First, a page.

A science fiction mumbo jumbo which metamorphosises into a love story. On paper, the idea is too weird to warrant a good film, but it does deliver.
A dead man’s memory of the last eight minutes of his life is planted on another dead man so that he can revisit the train just before it blows up and find the person who planted the bomb. Sound preposterous, and it is preposterous.
The train blows up several times. The suspect is caught several times. The dead hero finds the woman of his dreams several time. It’s an endless circle, yet it comes with a satisfying payoff.
Writes Roger Ebert: "Now comes the human touch. As he returns again and again to those fateful eight minutes, Colter finds that he can remember his previous visits, even though for Christina and others on the train, they are of course happening for the first time. This is the "Groundhog Day" paradox: You remember your previous passages through the same span of time. Colter begins to care for Christina, as well he might, as anyone who loved Michelle Monaghan in "Trucker" (2008) will understand. As the conscious occupant of this borrowed body, he apparently possesses free will and need not duplicate exactly what the original memory donor did.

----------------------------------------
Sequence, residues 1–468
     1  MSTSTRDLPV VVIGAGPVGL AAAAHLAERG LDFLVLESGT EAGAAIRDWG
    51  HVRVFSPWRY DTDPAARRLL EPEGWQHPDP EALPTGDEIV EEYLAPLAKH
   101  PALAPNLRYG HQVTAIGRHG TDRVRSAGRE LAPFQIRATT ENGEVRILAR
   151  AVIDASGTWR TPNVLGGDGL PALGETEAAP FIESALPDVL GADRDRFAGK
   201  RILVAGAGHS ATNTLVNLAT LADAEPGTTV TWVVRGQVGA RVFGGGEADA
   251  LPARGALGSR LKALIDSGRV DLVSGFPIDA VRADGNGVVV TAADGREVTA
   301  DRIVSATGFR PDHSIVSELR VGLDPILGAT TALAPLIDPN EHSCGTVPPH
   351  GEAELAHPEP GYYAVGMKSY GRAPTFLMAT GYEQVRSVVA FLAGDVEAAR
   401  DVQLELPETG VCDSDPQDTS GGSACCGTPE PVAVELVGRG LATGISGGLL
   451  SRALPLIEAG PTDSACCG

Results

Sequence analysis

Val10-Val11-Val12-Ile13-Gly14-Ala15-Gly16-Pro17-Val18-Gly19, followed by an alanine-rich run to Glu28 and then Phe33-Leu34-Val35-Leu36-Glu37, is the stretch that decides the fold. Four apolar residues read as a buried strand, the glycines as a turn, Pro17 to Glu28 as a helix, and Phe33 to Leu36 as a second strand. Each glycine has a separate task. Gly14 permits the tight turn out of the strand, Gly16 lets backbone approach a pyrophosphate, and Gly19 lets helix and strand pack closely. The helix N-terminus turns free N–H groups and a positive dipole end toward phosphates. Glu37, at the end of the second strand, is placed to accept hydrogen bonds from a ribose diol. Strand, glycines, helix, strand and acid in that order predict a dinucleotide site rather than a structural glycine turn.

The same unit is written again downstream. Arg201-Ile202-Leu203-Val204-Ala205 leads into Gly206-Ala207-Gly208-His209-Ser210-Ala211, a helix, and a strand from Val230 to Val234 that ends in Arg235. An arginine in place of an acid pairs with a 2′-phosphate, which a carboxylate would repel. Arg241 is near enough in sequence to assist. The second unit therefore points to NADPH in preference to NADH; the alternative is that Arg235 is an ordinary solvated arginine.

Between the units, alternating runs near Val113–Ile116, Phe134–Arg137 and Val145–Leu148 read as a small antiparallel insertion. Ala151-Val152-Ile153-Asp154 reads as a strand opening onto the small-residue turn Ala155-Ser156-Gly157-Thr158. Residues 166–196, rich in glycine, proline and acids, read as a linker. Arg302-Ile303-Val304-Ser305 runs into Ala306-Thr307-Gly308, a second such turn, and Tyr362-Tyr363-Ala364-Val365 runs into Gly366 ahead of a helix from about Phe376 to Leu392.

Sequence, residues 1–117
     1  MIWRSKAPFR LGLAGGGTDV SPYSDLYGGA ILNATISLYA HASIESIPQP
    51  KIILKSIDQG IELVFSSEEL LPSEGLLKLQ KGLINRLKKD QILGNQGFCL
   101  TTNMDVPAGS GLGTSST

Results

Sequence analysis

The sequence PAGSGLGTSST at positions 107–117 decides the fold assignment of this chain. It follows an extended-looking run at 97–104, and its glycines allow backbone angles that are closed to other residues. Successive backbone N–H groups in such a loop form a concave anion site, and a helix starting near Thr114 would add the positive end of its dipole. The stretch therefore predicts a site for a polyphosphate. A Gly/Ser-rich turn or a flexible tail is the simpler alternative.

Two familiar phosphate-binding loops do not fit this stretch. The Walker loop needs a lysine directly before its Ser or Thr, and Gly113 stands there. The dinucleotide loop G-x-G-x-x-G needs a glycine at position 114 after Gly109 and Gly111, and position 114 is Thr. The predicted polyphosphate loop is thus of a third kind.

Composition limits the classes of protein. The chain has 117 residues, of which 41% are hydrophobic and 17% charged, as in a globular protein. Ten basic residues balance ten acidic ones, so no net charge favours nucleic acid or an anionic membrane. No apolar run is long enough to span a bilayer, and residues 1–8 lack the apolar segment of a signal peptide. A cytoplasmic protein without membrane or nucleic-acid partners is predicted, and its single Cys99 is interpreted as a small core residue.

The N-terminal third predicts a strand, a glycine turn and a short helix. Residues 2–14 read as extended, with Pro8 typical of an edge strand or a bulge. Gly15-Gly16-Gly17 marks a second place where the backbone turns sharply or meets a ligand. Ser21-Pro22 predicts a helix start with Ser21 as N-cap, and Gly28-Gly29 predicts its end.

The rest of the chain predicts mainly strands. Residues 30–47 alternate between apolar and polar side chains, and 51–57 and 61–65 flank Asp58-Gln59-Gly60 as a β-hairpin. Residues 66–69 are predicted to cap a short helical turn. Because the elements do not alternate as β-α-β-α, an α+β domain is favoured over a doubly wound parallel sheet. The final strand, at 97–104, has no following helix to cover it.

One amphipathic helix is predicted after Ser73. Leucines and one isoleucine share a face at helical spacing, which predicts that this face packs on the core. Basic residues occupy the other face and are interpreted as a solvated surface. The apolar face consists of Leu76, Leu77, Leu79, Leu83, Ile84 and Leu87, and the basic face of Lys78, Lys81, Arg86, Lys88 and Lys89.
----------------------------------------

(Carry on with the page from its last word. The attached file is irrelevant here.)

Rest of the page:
"This involves the possibility that he could relive the memories of a man's final eight minutes and act in such a way as to affect the outcome. If the man were to survive — whose memories would he have, his own or his visitor's? Don't go there. The Army's no doubt brilliant Dr. Rutledge (Jeffrey Wright) starts out to account for the experiment, but abandons his explanation, which is our loss. If you had a speech in this movie actually saying in so many words how this was possible, it would rival the findings of such great thinkers as Dr. Moreau, Dr. Jekyll and Dr. Frankenstein.
"No matter. The director and writer, Duncan Jones and Ben Ripley, hurtle ahead with the speed of their commuter train, which like the man on the Grecian urn always speeds forward and never gets anywhere. Colter's challenge increases in complexity. The city grows ever closer to destruction. Christina becomes more poignant. The scientists grow more desperate."